Tuesday, January 4, 2011

Trail Magic

     It was a crisp, clear Easter morning as we made our way towards US HWY 19 and the Nantahala Outdoor Center. It was day 14 of our thru hike of the Appalachian Trail, and we were looking forward to getting our resupply and spending an afternoon by the Nantahala River. The steep decent from Wesser Bald and “the jumpoff,” as the guidebook described it, had left my knee aching, swollen, and in need of a break. As the few buildings that comprise the N.O.C. came into view, they were accompanied by the rustling yet peaceful sound of the river. The first building we came upon was the Wesser General Store, so we decided to take a look and see what they had in stock. In addition to getting enough food to get ourselves to Fontana Dam where we had a mail drop awaiting us, we were hoping to find a phone card. My wife Lola and I had decided to deactivate both of our cell phones for the first part of the hike, but with it being Easter Sunday, we thought it would be nice to call our parents.
     As we walked the few isles of the store, the clerk, Hank, introduced himself and asked us if we were thru hiking. He had spent a lot of time on the trail and said he loved this time of year when the hikers start coming through. “Let me know if you got any questions or needed anything,” he offered. I did not seen any phone cards, so I approached the front counter in order to ask. “Nah, don’t carry any phone cards. Used to, but with cell phones and all, people don’t seem to have much need for ‘em anymore. There’s a gas station ‘bout a mile up the road. You could check there.” I disappointingly said thanks. Neither of us had any desire to walk an extra two miles for the mere chance of finding a phone card though. Hank quickly stood up from his seat, sensing our disappointment and realizing the needed to further explain what he had already assumed we should do. “Nah, nah, I don’t mean walk. Take my truck.” Utterly confused and taken off guard, my forehead immediately wrinkled and my eyebrows furrowed as I leaned in ever so slightly closer to Hank. Surely I must have misheard, I thought to myself, but he continued. “You got a driver’s license?” Yes, I nodded. “You know how to drive a stick?” I nodded yes again. “Well hell, take my truck. The keys are in it. You can leave yer packs right there underneath that table.”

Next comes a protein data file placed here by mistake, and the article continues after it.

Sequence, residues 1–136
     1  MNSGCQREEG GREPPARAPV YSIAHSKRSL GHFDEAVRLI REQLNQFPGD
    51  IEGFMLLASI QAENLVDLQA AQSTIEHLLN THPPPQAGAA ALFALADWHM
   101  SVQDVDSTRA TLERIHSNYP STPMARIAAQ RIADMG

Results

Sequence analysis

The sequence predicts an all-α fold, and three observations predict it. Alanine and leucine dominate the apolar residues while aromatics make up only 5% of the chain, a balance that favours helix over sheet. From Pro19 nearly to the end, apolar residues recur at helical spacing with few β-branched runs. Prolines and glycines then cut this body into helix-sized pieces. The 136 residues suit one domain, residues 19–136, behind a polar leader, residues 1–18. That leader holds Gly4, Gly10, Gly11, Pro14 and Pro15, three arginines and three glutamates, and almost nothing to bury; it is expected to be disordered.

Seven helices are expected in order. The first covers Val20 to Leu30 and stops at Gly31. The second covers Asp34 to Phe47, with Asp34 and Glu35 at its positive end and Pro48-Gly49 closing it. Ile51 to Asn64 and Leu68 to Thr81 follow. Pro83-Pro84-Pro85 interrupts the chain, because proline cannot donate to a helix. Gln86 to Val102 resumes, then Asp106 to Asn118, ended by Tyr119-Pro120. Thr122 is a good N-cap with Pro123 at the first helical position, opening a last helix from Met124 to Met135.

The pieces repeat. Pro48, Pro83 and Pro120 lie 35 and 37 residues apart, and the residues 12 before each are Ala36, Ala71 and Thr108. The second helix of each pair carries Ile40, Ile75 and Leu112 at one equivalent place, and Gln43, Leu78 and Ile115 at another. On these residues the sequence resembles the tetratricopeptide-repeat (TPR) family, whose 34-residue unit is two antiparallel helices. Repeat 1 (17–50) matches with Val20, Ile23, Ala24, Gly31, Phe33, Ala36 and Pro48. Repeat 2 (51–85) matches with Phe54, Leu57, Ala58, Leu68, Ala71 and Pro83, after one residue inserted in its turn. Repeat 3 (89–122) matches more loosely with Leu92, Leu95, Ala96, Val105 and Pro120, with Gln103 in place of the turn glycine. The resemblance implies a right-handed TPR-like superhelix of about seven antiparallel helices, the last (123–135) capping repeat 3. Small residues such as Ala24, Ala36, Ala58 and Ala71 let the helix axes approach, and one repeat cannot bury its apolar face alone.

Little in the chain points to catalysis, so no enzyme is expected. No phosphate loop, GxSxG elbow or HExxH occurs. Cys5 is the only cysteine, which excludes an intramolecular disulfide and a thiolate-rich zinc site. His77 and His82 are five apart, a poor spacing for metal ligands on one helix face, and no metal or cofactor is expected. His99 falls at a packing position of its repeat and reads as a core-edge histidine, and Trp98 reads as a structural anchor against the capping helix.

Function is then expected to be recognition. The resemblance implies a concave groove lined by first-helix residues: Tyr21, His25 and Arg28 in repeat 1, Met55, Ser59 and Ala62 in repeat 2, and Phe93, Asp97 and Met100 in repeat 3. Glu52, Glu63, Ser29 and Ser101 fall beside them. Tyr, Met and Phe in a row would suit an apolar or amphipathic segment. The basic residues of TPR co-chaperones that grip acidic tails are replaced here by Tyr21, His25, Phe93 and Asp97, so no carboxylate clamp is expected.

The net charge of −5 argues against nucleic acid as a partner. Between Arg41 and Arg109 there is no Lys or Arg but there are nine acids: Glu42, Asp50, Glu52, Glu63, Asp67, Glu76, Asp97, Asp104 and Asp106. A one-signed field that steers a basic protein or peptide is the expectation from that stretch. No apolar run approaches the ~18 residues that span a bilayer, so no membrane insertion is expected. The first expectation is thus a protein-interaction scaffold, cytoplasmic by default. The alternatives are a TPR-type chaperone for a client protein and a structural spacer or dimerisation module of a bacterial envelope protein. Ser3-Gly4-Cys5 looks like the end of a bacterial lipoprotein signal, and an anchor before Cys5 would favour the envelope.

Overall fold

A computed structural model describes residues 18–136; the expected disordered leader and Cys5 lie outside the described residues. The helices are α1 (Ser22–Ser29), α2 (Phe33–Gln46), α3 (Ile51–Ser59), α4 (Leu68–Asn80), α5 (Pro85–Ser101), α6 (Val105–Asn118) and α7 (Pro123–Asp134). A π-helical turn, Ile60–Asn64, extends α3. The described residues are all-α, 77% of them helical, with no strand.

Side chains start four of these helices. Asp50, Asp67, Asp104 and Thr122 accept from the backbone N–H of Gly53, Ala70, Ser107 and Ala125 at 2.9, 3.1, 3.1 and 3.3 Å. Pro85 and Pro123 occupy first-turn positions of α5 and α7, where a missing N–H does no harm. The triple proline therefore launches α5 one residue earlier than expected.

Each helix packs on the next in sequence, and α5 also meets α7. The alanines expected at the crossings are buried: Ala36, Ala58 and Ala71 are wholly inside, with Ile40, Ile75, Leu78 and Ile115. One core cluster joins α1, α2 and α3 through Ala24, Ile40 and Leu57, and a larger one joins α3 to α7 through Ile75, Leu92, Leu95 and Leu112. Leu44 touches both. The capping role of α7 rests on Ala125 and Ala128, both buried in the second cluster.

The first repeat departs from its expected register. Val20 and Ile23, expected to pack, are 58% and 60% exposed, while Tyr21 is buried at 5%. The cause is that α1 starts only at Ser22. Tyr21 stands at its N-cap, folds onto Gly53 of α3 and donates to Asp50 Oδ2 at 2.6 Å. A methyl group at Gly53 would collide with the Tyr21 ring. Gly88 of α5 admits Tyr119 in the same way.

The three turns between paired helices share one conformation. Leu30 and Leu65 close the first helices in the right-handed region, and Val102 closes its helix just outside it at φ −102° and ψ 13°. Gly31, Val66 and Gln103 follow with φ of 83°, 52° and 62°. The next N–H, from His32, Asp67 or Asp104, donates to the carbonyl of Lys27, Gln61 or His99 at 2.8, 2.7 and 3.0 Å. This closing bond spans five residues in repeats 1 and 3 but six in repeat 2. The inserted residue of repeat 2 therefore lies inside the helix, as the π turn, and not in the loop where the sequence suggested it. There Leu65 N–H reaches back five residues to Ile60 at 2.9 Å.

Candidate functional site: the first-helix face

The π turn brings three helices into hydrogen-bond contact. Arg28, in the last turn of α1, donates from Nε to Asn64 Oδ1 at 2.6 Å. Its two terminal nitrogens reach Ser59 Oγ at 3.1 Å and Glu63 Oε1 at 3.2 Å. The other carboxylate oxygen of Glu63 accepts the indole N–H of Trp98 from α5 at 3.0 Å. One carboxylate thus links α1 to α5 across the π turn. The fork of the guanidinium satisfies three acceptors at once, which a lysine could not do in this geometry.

I clumsily slid my pack under the table, still completely disheveled. My brain was having such a hard time processing what just happened that it seemingly cut-off signals to my extremities and any dexterity thereof. Did this total stranger just offer us his truck? I was not sure if he was crazier for offering or if we were crazier for accepting. As we made our way out the front door, still unsure if this was really happening, Hank motioned to his white Chevy S10 and loving added, “Just be gentle when puttin’ her into first. She can be a little tricky.” I pressed down on the clutch and turned the key in the ignition. Had I been blindfolded, I would have thought I started a monster truck. The engine roared, the muffler backfired, and the entire truck shook like a dog at the front door ready to go for a walk. Lola and I looked at each other and couldn’t help but smile from ear to ear.
     We made it up to the gas station, the truck roaring and backfiring the entire way. We picked up a few things, but never were able to find any phone cards. As we got back in the truck, I fired her up and was about to head back down the road to Hank and the Wesser General Store when I noticed a man slowly walking on the sidewalk in front of us. As he walked by, he never stopped looking at me, and he was grinning, like he knew something that I did not. He made his way past the front of the truck and then stopped, raised his hand to wave, and yelled over the sound of the muffler, “Hank let you borrow his truck, huh?” I smiled, waved, and nodded in agreement. We were not the first hikers to experience Hank’s generosity, and I am sure we will not be the last.

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